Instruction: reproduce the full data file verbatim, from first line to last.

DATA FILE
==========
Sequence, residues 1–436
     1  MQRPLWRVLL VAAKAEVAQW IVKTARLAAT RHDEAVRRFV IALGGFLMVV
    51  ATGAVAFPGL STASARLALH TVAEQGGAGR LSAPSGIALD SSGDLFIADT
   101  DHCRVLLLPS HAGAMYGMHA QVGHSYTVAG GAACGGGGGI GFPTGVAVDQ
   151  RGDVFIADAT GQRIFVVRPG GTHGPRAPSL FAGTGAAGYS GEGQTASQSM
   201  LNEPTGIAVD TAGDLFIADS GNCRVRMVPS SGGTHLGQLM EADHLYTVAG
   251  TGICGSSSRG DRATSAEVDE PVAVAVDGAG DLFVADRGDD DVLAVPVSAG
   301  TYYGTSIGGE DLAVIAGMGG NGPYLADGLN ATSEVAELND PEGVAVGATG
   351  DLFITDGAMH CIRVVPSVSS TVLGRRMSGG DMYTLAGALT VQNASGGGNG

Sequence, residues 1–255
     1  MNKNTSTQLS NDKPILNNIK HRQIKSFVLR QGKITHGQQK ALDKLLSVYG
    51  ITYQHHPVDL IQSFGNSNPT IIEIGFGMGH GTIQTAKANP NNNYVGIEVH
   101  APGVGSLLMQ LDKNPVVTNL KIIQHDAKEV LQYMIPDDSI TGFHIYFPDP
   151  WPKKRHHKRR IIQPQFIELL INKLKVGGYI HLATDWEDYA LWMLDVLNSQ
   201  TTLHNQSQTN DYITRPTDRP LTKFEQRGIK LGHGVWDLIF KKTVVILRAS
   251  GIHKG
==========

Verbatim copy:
Sequence, residues 1–436
     1  MQRPLWRVLL VAAKAEVAQW IVKTARLAAT RHDEAVRRFV IALGGFLMVV
    51  ATGAVAFPGL STASARLALH TVAEQGGAGR LSAPSGIALD SSGDLFIADT
   101  DHCRVLLLPS HAGAMYGMHA QVGHSYTVAG GAACGGGGGI GFPTGVAVDQ
   151  RGDVFIADAT GQRIFVVRPG GTHGPRAPSL FAGTGAAGYS GEGQTASQSM
   201  LNEPTGIAVD TAGDLFIADS GNCRVRMVPS SGGTHLGQLM EADHLYTVAG
   251  TGICGSSSRG DRATSAEVDE PVAVAVDGAG DLFVADRGDD DVLAVPVSAG
   301  TYYGTSIGGE DLAVIAGMGG NGPYLADGLN ATSEVAELND PEGVAVGATG
   351  DLFITDGAMH CIRVVPSVSS TVLGRRMSGG DMYTLAGALT VQNASGGGNG

Sequence, residues 1–255
     1  MNKNTSTQLS NDKPILNNIK HRQIKSFVLR QGKITHGQQK ALDKLLSVYG
    51  ITYQHHPVDL IQSFGNSNPT IIEIGFGMGH GTIQTAKANP NNNYVGIEVH
   101  APGVGSLLMQ LDKNPVVTNL KIIQHDAKEV LQYMIPDDSI TGFHIYFPDP
   151  WPKKRHHKRR IIQPQFIELL INKLKVGGYI HLATDWEDYA LWMLDVLNSQ
   201  TTLHNQSQTN DYITRPTDRP LTKFEQRGIK LGHGVWDLIF KKTVVILRAS
   251  GIHKG